At six months old, she received her first prosthesis, followed by a revision at 3 years old. Now, after working with Clark & Associates’ Pat McTaggart in our Dubuque office, Kaily is on her seventh prosthetic leg. However, none of this has put a stop to her level of activity or her dreams. She’s so active that Pat actually had to make a patch for her liners because they get worn down from her playing soccer and T-Ball and doing dance and gymnastics.
Twenty years and counting…I take each day as it comes, just thankful I can put both feet on the floor and go about my daily routine. I enjoy my children, grandchildren and the greats, too. I encourage other cancer patients and survivors whenever I can and am so thankful for all the blessings I have been given.
For Jaymie Noffke, life as an amputee started at the age of 2 when she had bilateral above knee amputations as a result of a tibial deficiency. Jaymie was born without a tibias – the bone connecting the knee and ankle, and amputation was the only solution that would allow Jaymie the ability to walk.
Misconceptions About Amputees – Part 4
We conclude our series on misconceptions about amputees this month with our fourth and fifth installments.
Misconception 4: We’ll never walk normally again.
Truth: You may have seen amputees limping, leaning to one side, or shuffling their feet, and wondered if that was a common lifelong issue for those who have lost one or both of their legs. While some amputees may not return to a completely normal gait pattern for a variety of reasons, a quality prosthetist can provide a strong likelihood for walking without any noticeable deficiencies. A properly fit socket along with appropriate componentry are necessities for amputees attaining positive functional outcomes. The aforementioned necessities must be combined with a strong physical therapy regime for amputees to reach their full potential.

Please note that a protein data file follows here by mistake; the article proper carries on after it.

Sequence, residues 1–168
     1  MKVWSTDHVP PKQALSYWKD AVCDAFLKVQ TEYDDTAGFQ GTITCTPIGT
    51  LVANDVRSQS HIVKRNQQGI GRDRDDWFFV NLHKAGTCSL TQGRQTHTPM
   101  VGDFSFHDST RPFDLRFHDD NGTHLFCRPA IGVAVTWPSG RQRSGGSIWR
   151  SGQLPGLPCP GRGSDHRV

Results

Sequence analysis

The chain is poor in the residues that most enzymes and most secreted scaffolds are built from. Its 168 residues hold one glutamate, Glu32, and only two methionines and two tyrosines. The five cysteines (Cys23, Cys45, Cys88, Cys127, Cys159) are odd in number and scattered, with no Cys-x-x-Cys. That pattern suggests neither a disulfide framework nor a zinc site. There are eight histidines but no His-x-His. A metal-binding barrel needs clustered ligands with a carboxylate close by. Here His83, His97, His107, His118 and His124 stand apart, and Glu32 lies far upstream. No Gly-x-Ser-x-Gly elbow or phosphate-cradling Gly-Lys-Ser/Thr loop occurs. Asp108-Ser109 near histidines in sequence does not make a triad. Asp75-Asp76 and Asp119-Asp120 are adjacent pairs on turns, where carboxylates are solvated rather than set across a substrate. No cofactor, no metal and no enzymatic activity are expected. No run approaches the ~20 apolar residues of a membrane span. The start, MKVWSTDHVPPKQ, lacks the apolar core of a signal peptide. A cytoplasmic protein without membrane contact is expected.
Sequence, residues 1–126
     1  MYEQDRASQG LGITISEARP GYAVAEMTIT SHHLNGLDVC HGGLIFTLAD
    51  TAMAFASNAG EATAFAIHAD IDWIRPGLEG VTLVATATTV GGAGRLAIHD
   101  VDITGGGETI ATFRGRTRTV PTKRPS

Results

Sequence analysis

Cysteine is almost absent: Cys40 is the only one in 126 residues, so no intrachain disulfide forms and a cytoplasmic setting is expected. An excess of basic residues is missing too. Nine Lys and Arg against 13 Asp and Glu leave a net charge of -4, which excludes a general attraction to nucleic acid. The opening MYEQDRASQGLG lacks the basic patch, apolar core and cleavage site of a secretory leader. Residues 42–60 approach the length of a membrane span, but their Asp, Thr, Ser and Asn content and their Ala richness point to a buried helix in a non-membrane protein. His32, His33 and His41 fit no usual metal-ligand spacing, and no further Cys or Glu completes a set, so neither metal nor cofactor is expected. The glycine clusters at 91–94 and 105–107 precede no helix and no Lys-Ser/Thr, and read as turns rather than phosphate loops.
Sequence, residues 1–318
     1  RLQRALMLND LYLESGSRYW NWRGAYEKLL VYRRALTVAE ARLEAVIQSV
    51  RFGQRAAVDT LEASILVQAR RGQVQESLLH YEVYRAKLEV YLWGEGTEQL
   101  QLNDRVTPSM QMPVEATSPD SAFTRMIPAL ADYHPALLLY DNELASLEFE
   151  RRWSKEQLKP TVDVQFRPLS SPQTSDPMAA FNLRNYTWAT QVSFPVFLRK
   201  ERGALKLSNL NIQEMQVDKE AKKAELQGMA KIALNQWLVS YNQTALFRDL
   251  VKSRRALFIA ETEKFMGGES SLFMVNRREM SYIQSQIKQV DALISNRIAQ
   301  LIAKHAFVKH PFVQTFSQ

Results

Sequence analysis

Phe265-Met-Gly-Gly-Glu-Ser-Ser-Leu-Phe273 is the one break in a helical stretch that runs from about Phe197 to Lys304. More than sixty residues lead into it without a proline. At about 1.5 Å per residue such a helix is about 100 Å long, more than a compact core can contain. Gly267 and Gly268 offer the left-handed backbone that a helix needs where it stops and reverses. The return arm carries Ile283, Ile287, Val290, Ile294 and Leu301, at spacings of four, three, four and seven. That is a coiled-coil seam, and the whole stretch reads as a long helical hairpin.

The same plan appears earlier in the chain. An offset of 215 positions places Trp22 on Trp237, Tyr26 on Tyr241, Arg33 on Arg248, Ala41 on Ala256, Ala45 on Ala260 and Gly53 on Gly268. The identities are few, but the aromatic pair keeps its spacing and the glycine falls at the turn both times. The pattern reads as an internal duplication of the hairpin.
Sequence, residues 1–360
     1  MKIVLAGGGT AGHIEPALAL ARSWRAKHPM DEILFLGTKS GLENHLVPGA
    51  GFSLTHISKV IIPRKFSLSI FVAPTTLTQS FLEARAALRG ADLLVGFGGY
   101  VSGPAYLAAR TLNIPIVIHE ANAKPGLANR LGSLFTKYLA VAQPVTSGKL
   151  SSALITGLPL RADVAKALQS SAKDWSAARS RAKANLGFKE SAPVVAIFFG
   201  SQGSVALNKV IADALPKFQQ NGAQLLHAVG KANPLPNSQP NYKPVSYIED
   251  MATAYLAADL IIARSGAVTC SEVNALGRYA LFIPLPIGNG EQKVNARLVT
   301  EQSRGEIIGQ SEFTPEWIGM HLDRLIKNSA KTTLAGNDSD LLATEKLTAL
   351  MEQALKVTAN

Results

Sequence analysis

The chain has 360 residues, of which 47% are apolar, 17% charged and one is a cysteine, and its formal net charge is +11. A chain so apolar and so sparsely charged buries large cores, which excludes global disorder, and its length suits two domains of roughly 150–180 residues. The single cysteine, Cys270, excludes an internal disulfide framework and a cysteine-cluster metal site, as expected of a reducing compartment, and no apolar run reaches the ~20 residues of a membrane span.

Misconception 5: We can’t go back to work
Truth: While some amputees may find it difficult to adjust to work, or may find it physically improbable to resume a career with excessive physical demands (such as construction), most amputees are able to return to work after a period of healing. The fact is, returning to normal activities including work, is good for both the heart and the mind. In some cases, amputees are drawn to a completely new career as a result of their experiences. In either case, having an amputation does not spell the end of career related goals and aspirations.
Ask the Clinician
Sifting through medical jargon during a visit to a physician’s office can be rather overwhelming. In the world of orthotics and prosthetics, we too have our share of three and four syllable words, along with a vast array of acronyms that can become a little challenging to dissect. So for patients needing orthotic or prosthetic services at Clark and Associates, what questions should patients ask of the clinician to help provide a clearer understanding of material that might otherwise be intimidating?
Clark and Associates Resident Andrea Sherwood (MPO) had this to say.
Patients should feel comfortable asking all of their questions. As the old saying goes, there is no such thing as a dumb question. As prosthetists and orthotists, we are here to help you. We usually find that somewhere along life’s journey most of the patients we work with experienced an incident of some type that changed the course of their lives. Whether that incident was trauma related or simply the result of disease progression, patients in need of our services typically have many questions on their mind as they deal with change. From functionality of a device to the way it looks cosmetically, we as clinicians want our patients to ask questions so that we can work together for the best possible outcomes.
With the holidays upon us, I think of it like this analogy. How many of you do holiday baking or cooking without a recipe? The baking of a homemade apple pie or making turkey gravy may be common knowledge to you. However, this is not common knowledge to me! I would need to ask you many detailed questions even after receiving basic instructions of the process. The same is true for orthotists and prosthetists. At times we take for granted the common knowledge we have about various devices and their functions. And while we always discuss the directions for utilizing a device, you may have some specific detailed questions that you need answered in order to best move forward. So when you’re in a patient room deciding whether or not to ask a question, remember, we appreciate questions and want to do everything possible to achieve the most optimal outcomes for you.